For the Dashi: Combine bonito flakes, dried shitake and water in a pot and bring up to the boil. Remove from the heat and cool to 80 degrees. Add the kombu and cling film for 30- 45 mins. Remove cling film and taste, season with aged mirin and white soy then strain. Add in the mushrooms and lightly poach for 5 mins then strain and reserve.

In a small bowl combine the Kuzu and a little water to make a paste, whisk into the Dashi just before boiling and cook out till thickened. Strain and remove from the heat.

When the remaining pork glaze is almost at a boil thicken with kuzu and strain then reserve for later.

Clean and cut the turnips, Wrap the mushrooms inside the local kelp with a little butter and check Charcoal BBQ is hot.

Remove pork from the oven and cut into 4 portions remove from cooking liquid and place onto the bbq and start to brush with thicken glaze constantly moving and turning. Add the kelp wrapped mushrooms to the coals and allow the outside kelp to burn. when you are 2 minutes away from platting add the turnips to the thickened dashi and poach for 2 mins.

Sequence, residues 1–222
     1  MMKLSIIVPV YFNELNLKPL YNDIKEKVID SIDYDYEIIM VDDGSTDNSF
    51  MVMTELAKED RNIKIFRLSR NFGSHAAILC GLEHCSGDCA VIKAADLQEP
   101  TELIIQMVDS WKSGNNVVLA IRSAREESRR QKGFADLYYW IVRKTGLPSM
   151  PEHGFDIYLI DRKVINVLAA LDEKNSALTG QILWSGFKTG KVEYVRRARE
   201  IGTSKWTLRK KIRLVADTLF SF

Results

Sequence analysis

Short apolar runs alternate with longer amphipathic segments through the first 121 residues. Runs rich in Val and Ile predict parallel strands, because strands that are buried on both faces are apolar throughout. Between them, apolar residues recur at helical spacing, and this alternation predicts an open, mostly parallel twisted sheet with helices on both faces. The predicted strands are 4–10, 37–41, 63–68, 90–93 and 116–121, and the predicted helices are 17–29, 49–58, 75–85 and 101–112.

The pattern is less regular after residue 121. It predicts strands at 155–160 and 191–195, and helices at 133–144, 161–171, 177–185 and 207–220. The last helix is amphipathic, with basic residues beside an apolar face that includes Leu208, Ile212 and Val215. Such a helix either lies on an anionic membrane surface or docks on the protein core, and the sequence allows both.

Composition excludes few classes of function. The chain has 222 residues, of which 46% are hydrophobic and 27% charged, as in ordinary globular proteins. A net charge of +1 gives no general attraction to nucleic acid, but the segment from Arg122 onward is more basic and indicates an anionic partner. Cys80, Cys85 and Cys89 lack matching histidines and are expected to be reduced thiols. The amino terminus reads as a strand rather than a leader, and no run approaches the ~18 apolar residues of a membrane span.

Platting: Remove pork and mushrooms from the grill, Strain the turnips and reserve on a tray. Brush the bottom side of the pork with the remaining turnip top Koshō and give one last brush of thickened glaze. Place the pork belly down on the plate first followed by the mushrooms down the side, place the turnips on top spooning a little thickened dashi over. Cover with red elk and place nasturtium leaves around

 

 

RECIPE: Salt & Pepper Chocolate Cake, Dill & Honey Labneh, Caramel Macadamia Crumb, Rosemary

2018 Appetite for Excellence One-to-Watch Jess McEwan from Hogget Kitchen created a delicious dessert canape for our Awards Evening

Ingredients
1kg Salted Butter
1kg Sugar
1.25kg Dark Chocolate
1kg Almond Meal
30 Egg Yolks
30 Egg Whites
100g Pink Salt
50g Black Cracked Pepper
4 litres Yoghurt (Strained Immediately – 2 Days)
100ml Honey
½ Bunch Fresh Dill
800g Peeled and Raw Macadamias
300g Castor Sugar
Rosemary Flowers (Garnish)

Salt & Pepper Chocolate Cake

Melt the Butter and sugar in a large pot, add the salt and pepper and bring to a light simmer.
Once the sugar has melted, remove from direct heat and add the chocolate and almond meal. Stir immediately until combined.
In a mixer add half the egg white and beat to a medium peak. Meanwhile add the egg yolks to the chocolate mix and stir until the egg yolks have completely been mix in and the mixture is slightly glossy.